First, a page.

Although feminists have not at this point in time eliminated the wage gap, they have managed to reduce it massively and it looks to keep getting smaller, so most feminists would say that this goal is on it way to being completed. Coupled with this idea of equal pay for equal work is another of feminism's main economic goals; equality between the sexes in the hiring promotion and treatment of employees. There are employees who are less willing to hire women as they risk losing them after they have children, and will have to pay for maternity leave.

The feminist movement had tried to address this through a series of legislation, which to a certain extent has helped although the problem definitely still occurs. They have encountered similar problems with promotions as although at lower levels promotions of men and women have become a lot less bias than they were in the past at higher levels a 'glass ceiling' still seems to remain in place. This term refers mainly to the business world where although women can gain promotion up through the company they still seem to find it very hard to reach the very highest levels, and men still massively dominate the boardroom.

Although this problem has started being addressed by companies in recent times, removing it further is still one of feminism's main goals. The goal of equal treatment of employees ties in with the idea of lookism, once again especially in the business world. Lookism is the discrimination against people based on the way they look or dress, and although it does occur to men in is mostly a female problem. Although the situation has improved it is still the case that it is much easier for a woman to find employment in the business sector if she is comely.

Feminists have been working hard to try and stop this discrimination for example, by eliminating dress codes which could exploit women's bodies. However it is very hard as there are many other factors which could effect employees decision on who to hire, making it almost impossible for feminists to confirm when it has taken place. The third area that feminists have focused on trying to obtain equality is politically, as without this equality in the other two sectors will not make the difference it should.

One of the main things that they strive to achieve in this area is that men and women should have equal rights under the law. Although it seems amazing now up until 1918 women were not allowed to vote in Britain, and not until 1928 was the voting age lowered to twenty-one in line with men. (Holten 1986, p134) Since then many more improvements have been made in making the sexes more politically equal, with women allowed to represent in the House of Commons, however hard-line feminists would say that even now we are not politically equal in Britain, as men still dominate the House of Lords.

Although in Britain women have succeeded in gaining almost equal political rights, in other parts of the world women are still much more oppressed. In Kuwait for example, the parliament just rejected a bill that would have given women the right to vote and stand in parliament, and so the feminists' have not nearly achieved their worldwide goals. Another major political goal for the feminist movement is that abortions should be legal, accessible and affordable, without parental or spousal consent laws. Feminists feel this is important as they feel all women should have the right to their individual choice whatever the circumstances.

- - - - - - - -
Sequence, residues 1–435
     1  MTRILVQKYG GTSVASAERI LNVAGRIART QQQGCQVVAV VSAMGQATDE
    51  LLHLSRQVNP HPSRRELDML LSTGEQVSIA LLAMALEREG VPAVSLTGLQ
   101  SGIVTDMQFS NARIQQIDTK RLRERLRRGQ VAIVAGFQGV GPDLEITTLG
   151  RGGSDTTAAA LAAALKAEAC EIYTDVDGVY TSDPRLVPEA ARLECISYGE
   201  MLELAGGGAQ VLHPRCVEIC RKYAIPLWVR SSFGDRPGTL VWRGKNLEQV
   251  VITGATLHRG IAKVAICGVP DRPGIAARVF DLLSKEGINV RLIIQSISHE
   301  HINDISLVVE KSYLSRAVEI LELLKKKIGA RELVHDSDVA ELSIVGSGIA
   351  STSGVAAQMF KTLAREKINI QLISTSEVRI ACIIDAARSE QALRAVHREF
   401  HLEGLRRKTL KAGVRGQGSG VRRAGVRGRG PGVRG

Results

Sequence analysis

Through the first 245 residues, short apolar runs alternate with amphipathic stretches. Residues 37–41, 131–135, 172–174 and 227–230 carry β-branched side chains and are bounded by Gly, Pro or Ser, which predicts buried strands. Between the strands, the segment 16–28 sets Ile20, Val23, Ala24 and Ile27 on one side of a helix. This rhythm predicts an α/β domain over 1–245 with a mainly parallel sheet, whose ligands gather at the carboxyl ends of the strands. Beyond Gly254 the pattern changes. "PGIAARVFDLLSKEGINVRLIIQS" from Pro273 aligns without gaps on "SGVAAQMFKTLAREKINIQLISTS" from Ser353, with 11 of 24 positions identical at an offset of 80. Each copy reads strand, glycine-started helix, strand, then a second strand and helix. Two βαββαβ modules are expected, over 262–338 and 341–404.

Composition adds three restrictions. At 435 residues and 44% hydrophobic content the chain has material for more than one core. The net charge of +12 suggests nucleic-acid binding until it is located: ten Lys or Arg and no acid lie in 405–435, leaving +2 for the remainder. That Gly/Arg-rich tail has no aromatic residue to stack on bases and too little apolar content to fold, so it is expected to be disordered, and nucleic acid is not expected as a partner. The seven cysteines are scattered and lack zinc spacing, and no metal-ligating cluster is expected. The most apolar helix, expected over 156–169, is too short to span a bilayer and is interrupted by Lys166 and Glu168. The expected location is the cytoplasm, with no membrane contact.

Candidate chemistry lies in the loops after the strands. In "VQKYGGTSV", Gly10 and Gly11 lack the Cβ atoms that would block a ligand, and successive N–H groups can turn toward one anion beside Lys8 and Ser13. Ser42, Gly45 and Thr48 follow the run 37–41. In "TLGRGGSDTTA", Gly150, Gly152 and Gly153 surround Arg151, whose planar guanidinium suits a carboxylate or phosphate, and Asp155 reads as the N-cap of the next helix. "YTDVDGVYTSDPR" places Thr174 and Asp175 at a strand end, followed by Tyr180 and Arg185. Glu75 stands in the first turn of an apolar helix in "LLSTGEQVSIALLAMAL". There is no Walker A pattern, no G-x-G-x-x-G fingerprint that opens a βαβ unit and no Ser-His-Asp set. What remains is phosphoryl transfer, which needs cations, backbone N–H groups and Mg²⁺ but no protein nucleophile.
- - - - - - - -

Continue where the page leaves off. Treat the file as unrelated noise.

In Britain feminists have come some way to achieving these goals, although abortion is still not technically legal, the abortions act of 1967 has made it legally defensible to have an abortion in certain circumstances, and there is much less stigma against abortions than there used to be. However feminists would say much more should be done, feeling that re-cooperation services should be available and that more open law should be put in place. Feminists also believe that women should be allowed to serve in the military as well as men, and that men should not be drafted ahead of women in times of war.

Once again in Britain they have come some way to achieving these aims with women now allowed to work in all sectors of the military except the front line. Although feminists try to campaign for this to furthered to include women being allowed to serve in the front-line I do not think this will occur for some time, if ever, as women and men cannot serve in the same units. In other parts of the world, again the political system is less relaxed on this issue, and women are not allowed o hold any positions in the military establishment, so as a goal of feminism it has not come close to being achieved.

Overall I think that socially and politically many of the goals of feminism have been achieved, at least to a large extent, whereas economically women are still disadvantaged compared to men, especially in the business sector where many things work against them. However I feel that in Britain, all three areas that feminists are fighting for equality in are improving, and there is no area where the levels of inequality are rising.

On a global scale on the other hand the scene is not nearly so positive, with many nations still giving their women no political or economic power and forcing them through social customs to leave education early and follow their mothers into early marriages and house-keeping. In my opinion the feminist movement would be well advised to stop worrying so much about supposed inequality in the West and instead focus their attention on the very real problems faced by women in the third world.

To what extent have the goals of feminism been achieved? essay